Siemens default method of image reconstruction on the Trio employed a constant zero-order phase correction to all the k-space data, however we (and other sites) noticed as the 32-channel coil was more commonly used, that this correction would sometimes fail, resulting in large, intermittent or flickering ghosting across time-points. Occasionally, it would be seen with the 12-channel coil as well. Usually, this would affect a small number of slices, often below they brain, so they did not usually impact the BOLD data. However, in cases where it did impact the brain, the effect was often severe. Programmers at Siemens devised an improved phase correction routine that removes this artifact, but did not implement it on Tim Trio scanners (although it is the standard method on newer scanners like the Skyra). By late 2011, with help from Siemens and MGH, we had revised the “routine” MGH-variant BOLD and PACE sequences to employ this new reconstruction method. The only way this is apparent is by looking for the suffix “xcalgo2” (for BOLD) or “xcalgo3” for PACE on the end of the sequence name; or by looking for “xc2” or “xc3” in the protocol name (which was there when Ross set up the protocols, but could be removed by other users). We are now setting up all new discrete studies using the BOLD or PACE sequence that employs this new reconstruction method. We expect a day will come (probably sometime in 2013 or 2014) when it will be the default method on our TimTrio as well, so we believe it is best for users to transition their sequences between studies as soon as possible. However, groups with long-running studies may still be using the standard Siemens reconstruction, and so may see this sort of ghosting periodically, especially if using the 32-channel coil.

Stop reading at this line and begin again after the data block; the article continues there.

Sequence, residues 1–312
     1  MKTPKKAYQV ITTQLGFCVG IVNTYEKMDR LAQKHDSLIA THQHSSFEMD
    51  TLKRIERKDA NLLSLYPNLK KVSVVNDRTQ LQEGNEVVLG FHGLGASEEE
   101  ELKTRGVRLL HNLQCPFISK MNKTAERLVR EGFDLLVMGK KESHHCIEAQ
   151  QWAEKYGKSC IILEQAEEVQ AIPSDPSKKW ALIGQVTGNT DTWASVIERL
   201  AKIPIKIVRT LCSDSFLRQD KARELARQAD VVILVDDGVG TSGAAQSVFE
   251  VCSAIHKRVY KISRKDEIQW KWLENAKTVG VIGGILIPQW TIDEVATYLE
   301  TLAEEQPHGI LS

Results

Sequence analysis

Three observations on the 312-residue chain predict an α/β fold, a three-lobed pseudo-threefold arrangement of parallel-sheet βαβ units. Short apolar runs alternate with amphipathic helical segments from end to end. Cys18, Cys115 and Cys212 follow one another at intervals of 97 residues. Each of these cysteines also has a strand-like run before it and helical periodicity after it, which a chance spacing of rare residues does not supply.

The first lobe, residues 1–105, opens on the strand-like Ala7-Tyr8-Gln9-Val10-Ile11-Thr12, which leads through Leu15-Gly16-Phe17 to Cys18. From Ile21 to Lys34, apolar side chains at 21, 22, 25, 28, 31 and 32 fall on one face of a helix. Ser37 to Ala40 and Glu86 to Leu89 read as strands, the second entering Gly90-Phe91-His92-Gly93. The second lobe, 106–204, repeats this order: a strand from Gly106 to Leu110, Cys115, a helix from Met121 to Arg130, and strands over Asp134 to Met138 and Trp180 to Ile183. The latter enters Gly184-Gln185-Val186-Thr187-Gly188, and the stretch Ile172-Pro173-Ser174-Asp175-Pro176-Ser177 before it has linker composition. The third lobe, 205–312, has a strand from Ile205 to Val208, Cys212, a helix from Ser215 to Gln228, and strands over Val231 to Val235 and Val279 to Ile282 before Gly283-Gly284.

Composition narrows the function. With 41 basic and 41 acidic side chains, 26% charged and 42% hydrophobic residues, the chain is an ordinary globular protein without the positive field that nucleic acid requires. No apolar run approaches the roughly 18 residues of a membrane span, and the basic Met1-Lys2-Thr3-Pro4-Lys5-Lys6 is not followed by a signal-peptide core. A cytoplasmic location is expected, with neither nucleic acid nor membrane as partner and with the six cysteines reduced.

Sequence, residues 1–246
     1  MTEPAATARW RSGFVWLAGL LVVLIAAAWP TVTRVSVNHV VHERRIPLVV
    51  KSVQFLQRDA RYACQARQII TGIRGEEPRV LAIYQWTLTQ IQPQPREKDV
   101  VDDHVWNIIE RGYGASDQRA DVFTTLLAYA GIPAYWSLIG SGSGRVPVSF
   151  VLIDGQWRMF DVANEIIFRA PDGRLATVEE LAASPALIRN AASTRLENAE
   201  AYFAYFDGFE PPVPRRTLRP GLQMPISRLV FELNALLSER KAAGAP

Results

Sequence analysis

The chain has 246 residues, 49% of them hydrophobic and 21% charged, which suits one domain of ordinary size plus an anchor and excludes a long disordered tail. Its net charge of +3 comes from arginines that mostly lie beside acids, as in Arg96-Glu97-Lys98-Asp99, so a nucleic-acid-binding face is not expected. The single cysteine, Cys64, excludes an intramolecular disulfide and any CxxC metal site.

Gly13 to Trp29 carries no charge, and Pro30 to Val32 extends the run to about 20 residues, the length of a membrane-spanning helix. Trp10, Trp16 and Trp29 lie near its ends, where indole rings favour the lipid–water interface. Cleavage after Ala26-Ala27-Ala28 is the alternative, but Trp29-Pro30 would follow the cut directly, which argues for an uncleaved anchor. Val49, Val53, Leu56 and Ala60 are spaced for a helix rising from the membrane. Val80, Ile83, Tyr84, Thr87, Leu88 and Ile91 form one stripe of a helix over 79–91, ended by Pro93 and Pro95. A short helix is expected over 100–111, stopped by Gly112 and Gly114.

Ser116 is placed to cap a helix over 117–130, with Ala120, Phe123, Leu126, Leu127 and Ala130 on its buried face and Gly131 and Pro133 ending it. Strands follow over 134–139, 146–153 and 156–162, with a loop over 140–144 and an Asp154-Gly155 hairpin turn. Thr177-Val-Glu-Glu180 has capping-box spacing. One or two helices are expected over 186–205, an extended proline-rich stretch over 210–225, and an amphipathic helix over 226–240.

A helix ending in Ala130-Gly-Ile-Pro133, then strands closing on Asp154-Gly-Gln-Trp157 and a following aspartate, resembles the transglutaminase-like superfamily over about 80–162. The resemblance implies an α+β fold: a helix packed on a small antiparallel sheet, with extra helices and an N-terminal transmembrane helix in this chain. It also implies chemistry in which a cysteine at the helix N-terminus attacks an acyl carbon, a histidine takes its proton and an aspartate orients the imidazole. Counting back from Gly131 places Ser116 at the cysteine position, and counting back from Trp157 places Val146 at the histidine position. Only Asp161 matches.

The figures below show the sort of flicking ghosting that can be observed, and the benefits of using the new reconstruction scheme.

In the absence of flickering ghosts, the new and old reconstruction schemes give the same data. However, its apparent above that when the ghosts impact the brain, the time-series SNR (tSNR) in the brain is heavily impacted, and BOLD activations in those regions will be missed.

The images below show the standard-deviation (top row) and tSNR (lower row) maps for part of a dataset reconstructed with both the conventional (left column) and modified reconstruction method (middle column). Strong flickering ghosts were observed in the top two rows of slices, but not in the lower rows. Some of this ghosting is visible as very high signal in the standard-deviation map (arrows in the top left image). The right column shows subtraction maps – the middle column subtracted from the left. This shows large differences in the standard-deviation and tSNR in the top two rows of slices, but almost no difference in the later rows, indicating the two methods give equivilent results if the ghosting artifacts are not present. Its also apparent in this case that although the flickering ghosting is strong, it lies outside the brain, and so would not impact the BOLD data acquired in this case, unlike the case pictured above.